Saturday at midnight, it was time for Gerald Veasley's Midnight Jam #2, the loose get together of artists at hand to jam at the Jazz Base, the intimate club in the Crowne Plaza hotel, led by bassist Gerald Veasley. The core band was again Richard Waller on drums and Donald Robinson on keyboards, in addtion to the host on bass. They opened with "St. Thomas", featuring Kareem Thompson on the steel drums (who plays with Elan Trotman and is a Berklee alumnus), he was nicely improvising on his instrument, Jay Rowe played the piano during this one. Next came saxophonists Jessy J and Elan Trotman, while Bobby Lyle sat at the piano, to do "Night In Tunisia", with great solos by all involved. For the next song, guitarist Dean Brown joined the stage, along with saxophonist Art Sherrod Jr. to do "So What". Lionel Cordew took over the drums, then violinist Karen Briggs came to do "Don't You Worry 'Bout A Thing", pulling all the stops, while Bobby Lyle, Dean Brown and Lionel Cordew contributed great solos. Chris Miskel took over the drum seat, while saxophonists Andrew Neu, Art Sherrod Jr., Erich Cawalla, Jay Rodriguez and Marqueal Jordan, plus percussionist Emedin Riviera and singer Matissa Hill came to the stage to do the final track, Marvin Gaye's "Inner City Blues", bringing another entertaining Midnight Jam to a rousing end.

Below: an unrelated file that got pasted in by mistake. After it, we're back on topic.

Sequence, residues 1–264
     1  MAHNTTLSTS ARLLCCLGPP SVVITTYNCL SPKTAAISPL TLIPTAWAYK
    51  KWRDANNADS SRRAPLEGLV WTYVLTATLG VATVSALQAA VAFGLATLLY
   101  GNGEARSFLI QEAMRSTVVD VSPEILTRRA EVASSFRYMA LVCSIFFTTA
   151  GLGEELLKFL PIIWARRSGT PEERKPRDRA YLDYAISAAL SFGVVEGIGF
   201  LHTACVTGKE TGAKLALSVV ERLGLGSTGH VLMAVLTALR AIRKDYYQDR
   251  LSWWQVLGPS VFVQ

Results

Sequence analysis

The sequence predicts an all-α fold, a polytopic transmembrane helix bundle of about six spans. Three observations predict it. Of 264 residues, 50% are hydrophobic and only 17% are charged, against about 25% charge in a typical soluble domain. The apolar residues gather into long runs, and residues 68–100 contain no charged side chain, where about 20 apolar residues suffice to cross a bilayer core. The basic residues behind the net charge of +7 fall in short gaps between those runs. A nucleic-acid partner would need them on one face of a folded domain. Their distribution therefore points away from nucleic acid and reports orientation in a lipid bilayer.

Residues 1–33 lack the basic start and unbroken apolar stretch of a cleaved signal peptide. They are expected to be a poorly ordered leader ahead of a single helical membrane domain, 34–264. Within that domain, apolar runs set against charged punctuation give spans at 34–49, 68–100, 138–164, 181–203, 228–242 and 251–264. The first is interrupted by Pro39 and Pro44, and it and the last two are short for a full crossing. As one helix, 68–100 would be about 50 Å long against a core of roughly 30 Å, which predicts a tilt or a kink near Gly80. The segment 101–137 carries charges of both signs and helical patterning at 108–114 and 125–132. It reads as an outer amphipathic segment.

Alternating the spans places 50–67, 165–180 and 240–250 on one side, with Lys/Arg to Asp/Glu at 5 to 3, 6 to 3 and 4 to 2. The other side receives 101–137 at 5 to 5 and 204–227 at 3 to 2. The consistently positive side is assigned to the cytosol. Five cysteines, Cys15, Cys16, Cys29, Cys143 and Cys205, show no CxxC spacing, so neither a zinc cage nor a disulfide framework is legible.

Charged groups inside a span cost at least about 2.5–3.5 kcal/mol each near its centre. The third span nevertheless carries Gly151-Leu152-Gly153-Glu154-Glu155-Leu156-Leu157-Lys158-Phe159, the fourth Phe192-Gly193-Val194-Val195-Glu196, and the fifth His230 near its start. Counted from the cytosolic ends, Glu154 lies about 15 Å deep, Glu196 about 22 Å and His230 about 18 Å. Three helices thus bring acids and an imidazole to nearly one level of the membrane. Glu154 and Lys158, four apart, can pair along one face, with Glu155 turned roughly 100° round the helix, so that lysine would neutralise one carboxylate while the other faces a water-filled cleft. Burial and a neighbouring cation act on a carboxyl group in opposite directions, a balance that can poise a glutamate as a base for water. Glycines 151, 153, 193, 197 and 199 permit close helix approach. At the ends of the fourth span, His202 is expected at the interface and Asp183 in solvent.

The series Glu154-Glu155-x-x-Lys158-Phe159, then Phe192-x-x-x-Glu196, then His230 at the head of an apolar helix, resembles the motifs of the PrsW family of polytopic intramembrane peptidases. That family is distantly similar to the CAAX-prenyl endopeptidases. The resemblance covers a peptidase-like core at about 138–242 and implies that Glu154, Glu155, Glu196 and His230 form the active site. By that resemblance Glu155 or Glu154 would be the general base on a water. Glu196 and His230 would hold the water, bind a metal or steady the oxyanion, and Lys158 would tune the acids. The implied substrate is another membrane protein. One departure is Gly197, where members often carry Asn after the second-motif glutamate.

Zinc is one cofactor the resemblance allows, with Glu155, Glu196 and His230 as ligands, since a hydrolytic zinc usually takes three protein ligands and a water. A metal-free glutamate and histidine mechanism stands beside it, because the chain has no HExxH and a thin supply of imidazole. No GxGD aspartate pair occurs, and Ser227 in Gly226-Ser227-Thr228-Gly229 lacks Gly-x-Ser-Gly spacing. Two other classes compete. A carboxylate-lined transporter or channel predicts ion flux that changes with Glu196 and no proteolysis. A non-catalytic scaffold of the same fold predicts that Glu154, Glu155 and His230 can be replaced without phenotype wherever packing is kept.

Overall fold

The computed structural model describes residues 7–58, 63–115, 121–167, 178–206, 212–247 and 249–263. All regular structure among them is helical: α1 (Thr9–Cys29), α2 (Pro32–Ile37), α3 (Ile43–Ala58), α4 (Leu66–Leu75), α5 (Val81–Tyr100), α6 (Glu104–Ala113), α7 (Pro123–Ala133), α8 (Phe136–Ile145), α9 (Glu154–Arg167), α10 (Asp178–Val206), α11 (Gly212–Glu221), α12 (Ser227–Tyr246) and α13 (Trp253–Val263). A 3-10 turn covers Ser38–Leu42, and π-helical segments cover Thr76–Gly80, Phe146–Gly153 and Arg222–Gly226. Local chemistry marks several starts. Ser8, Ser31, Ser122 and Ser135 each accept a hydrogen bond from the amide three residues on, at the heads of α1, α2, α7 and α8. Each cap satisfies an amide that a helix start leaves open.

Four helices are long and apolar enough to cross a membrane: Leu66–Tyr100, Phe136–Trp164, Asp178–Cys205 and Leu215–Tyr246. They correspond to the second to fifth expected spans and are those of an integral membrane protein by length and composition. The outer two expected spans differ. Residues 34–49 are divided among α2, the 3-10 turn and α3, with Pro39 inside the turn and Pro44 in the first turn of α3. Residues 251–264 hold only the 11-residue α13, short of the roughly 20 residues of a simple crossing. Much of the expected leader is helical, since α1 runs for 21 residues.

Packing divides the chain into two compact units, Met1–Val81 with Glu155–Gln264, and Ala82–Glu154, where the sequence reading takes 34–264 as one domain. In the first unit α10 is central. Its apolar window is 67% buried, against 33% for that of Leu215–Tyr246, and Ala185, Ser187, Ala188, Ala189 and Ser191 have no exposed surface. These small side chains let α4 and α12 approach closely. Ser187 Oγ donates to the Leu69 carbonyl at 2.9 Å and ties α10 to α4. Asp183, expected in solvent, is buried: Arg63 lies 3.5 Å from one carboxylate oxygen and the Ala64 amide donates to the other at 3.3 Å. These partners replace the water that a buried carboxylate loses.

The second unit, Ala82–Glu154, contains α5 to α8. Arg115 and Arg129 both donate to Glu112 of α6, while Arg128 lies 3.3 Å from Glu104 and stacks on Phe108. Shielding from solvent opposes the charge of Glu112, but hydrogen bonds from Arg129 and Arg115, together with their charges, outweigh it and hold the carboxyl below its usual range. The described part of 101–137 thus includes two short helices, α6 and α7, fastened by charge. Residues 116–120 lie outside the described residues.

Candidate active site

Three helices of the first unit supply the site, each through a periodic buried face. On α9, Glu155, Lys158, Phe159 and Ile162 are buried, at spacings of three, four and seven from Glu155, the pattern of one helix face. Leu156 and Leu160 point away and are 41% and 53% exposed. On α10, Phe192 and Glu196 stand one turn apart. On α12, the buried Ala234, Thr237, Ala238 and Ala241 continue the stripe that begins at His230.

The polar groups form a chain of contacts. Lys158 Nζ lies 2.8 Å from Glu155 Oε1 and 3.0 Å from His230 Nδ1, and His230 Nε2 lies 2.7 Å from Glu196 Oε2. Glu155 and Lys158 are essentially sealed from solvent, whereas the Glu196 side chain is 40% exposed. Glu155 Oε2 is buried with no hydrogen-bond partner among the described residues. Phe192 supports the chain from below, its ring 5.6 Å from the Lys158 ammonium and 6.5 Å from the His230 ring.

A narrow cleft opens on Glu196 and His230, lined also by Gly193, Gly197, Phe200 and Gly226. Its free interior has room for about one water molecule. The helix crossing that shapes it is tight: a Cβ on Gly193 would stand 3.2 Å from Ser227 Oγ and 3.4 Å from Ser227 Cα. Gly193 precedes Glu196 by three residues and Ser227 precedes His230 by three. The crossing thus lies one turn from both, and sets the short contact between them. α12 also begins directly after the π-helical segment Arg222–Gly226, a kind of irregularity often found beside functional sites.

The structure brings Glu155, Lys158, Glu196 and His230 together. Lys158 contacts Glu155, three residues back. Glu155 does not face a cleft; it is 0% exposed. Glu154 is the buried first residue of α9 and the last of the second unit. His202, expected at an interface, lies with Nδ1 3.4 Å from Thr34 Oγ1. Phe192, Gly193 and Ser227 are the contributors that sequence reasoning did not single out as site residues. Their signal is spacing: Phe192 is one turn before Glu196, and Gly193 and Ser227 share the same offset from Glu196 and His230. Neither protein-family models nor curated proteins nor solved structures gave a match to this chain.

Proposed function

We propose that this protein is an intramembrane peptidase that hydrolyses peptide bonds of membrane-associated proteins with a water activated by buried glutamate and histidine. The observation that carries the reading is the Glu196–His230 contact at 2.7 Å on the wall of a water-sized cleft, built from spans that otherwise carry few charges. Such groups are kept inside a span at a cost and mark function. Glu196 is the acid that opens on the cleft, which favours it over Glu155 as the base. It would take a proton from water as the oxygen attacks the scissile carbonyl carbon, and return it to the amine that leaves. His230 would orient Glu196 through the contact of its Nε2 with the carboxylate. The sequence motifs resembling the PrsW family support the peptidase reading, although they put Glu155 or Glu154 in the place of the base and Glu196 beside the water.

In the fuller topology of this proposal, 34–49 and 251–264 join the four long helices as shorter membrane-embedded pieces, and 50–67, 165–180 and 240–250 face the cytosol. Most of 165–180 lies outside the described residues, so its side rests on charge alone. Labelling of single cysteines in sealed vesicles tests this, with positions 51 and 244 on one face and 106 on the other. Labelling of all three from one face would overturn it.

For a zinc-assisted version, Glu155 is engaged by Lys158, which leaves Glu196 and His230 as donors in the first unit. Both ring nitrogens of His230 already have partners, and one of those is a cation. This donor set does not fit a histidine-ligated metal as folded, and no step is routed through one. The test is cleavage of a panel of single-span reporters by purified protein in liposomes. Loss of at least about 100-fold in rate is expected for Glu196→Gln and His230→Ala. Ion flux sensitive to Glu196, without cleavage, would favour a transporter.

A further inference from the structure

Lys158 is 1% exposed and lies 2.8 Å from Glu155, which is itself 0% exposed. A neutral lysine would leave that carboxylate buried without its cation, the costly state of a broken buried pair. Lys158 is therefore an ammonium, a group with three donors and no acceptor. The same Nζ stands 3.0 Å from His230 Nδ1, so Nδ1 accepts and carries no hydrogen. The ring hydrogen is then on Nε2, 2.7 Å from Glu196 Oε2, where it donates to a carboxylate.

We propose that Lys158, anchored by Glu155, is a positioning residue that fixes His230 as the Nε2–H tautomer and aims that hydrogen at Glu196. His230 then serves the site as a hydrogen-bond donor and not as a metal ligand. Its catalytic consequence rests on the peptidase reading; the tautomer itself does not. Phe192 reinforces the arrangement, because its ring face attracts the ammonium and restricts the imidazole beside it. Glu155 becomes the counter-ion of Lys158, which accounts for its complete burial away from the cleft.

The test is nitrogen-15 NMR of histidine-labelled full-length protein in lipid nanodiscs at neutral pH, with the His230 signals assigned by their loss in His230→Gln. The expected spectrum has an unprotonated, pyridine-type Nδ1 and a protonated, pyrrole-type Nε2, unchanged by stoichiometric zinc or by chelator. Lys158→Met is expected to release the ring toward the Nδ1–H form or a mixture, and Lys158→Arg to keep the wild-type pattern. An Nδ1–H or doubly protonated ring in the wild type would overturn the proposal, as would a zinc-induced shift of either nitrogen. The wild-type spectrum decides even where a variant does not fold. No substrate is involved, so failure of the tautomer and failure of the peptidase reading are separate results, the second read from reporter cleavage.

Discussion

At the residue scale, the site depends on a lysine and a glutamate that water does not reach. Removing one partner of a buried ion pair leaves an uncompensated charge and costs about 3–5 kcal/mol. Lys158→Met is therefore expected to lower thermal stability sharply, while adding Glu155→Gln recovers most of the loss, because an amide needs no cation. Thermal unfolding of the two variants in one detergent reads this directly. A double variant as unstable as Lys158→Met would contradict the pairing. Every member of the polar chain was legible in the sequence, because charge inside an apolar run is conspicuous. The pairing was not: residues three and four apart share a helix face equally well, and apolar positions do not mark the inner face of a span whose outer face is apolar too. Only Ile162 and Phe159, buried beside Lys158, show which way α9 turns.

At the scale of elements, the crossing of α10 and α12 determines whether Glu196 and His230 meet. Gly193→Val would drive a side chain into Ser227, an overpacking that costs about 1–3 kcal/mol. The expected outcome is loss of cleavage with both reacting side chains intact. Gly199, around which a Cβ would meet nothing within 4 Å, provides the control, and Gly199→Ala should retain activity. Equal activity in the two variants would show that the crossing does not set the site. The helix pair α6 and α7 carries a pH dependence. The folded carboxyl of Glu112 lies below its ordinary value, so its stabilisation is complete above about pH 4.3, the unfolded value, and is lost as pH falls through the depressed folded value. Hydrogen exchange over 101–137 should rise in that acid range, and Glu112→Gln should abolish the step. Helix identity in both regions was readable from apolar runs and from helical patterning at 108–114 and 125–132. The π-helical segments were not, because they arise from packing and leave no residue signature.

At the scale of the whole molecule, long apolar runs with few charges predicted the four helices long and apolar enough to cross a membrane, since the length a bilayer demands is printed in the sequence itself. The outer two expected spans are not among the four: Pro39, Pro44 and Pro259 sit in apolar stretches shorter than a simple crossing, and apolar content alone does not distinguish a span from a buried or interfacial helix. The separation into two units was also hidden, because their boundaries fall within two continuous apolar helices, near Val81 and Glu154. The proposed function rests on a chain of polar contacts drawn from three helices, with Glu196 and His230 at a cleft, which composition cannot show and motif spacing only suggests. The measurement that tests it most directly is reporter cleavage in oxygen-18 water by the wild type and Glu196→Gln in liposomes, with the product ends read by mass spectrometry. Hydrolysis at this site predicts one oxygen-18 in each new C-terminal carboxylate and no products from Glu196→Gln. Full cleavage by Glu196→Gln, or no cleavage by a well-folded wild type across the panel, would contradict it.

At 10pm, Global Noize were ready for some mayhem with their Sly Reimagined: The Music of Sly & The Family Stone project. This band is the brainchild of eclectic keyboardist and producer Jason Miles, he took every effort to provide a world-class lineup to bring this music not only to life, but especially into this millennium with his re-imagined and seriously funked-up version of Sly's music. The band consisted of Gene Lake on drums, Amanda Ruzza on bass, Nick Moroch on guitar, Ian Cook on various electronic gadgets, Jay Rodriguez on reeds, Andy Snitzer on saxophone, Alex Bugnon on keyboards, Karen Briggs on violin plus the leader on keys. The vocalists were Maya Azucena, the legendary Nona Hendryx and the always lovely Maysa, a great bunch of singers to raise the roof. They started the show with a wicked instrumental that represented the Global Noize spirit to the fullest, when I heard this track with the cool flute of Jay Rodriguez, the soaring violin of Karen Briggs and the powerful bass of Amanda Ruzza, I knew we were in for a special treat. Maya Azucena was the featured singer on "Fun", while Nona Hendryx did "The Same Thing" justice, totally kicking ass at her 69 years, you could witness a mature artist still on top of her game, the baritone sax of Jay Rodriguez and the fender rhodes of Alex Bugnon gave the song a cool touch. Maysa joined in for "You Can Make It If You Try", the grooves continued with "Stand!" Then they did "It's A Family Affair", starting as an instrumental providing some great solos by Andy Snitzer, Karen Briggs and - most memorably - Alex Bugnon who really gave his all on the fender rhodes during his extended solo, before the singers kicked in to take the song to the next level. Then it was "In Time" with Nona Hendryx bringing the house down, before the show was concluded with an rousing version of "Thank You (Falettinme Be Mice Elf Agin)", giving all the players an opportunity to shine. Jason Miles was in the mood to play, so he finished the show with "A Jam 4 Joe", re-named "Jam For George" in memory of George Duke, plus "A Prayer For The Planet", wrapping up a the concert in style. This was an exceptional and really entertaining show off the beaten path, providing Sly's catalog in a contemporary setting by a diverse group of great players. Kudos to Jason Miles for pulling this off, check this show out whenever you have the chance!